I recently came across a large lot of expired 120 film. The lot included a variety of black and white and color films with a wide range of expiration dates, and the price per roll was a fraction of the cost of new film. I snatched it up. The idea is to perform some informal experiments to see how various films have held up over time, the unknown storage condition notwithstanding, and to test some common axioms used when shooting expired film.
One of the axioms that I want to test, perhaps the only one, is that it is necessary to add one stop for each decade a film has been expired. I have looked for a formula or chart that would help me understand how the base density of film increases over time, but I was unable to find one. Kodak provides some information regarding film degradation in their film storage guidelines, but nothing about the rate of decay due to gamma radiation or negligent storage. So as I use this lot of film I will be looking to corroborate that maxim.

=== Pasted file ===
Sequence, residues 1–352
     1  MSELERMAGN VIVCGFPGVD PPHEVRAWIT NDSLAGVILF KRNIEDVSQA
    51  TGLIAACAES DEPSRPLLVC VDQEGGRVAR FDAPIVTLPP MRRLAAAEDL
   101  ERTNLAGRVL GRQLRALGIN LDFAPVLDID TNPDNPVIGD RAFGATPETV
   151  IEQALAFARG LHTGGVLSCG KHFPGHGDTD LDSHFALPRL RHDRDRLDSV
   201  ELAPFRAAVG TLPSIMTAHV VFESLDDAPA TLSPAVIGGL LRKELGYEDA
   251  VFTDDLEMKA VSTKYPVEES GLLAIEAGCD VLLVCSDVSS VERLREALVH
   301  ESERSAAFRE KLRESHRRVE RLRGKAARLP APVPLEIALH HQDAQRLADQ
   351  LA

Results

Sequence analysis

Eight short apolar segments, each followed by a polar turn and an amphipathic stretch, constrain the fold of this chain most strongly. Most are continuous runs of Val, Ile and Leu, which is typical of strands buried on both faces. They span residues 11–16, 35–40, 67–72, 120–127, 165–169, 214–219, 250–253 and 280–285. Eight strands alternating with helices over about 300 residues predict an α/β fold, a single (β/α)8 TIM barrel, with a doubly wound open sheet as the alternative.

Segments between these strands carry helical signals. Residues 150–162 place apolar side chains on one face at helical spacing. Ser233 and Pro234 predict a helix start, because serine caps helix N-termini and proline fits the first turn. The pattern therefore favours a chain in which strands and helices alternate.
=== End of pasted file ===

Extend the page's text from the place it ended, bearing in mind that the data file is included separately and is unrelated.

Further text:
Update: I have started compiling a system of rules of thumbs for shooting expired film.
For the first roll in this series of experiments I went with one of my favorites, Kodak Tri-X. This particular roll expired in September of 1976 and is one of the older rolls, so it should only get better from here. This film was shot at box speed, well 320, which is habitually how I rate Tri-X for some reason. Almost all shots were exposed as metered with a Sekonic L-308. The exceptions are noted in the image captions, but they are probably obvious. And, though it looks like I thoughtlessly used reflective metering, I used incident metering as appropriate for almost all the shots. Oh, I also used a K2 filter (yellow 8), because that’s what Edward Weston would have done.
Having stared at the scans and negatives for I while, I have a few observations. First, it appears that there is merit to overexposing expired film. The only image which looks remotely correct is the one which was overexposed by 2⅓ stops. On the next roll of expired Tri-X I will do proper bracketing, at least after the first 3 frames. That’s because my second observation is that the first few frames, the ones closer to the exterior, seem to be denser. Unfortunately I don’t have a densitometer to verify that.
As you can see, and perhaps as you expected, none of these photos turned out very well at all. But that’s alright, it’s just a good reason to go out and shoot another roll.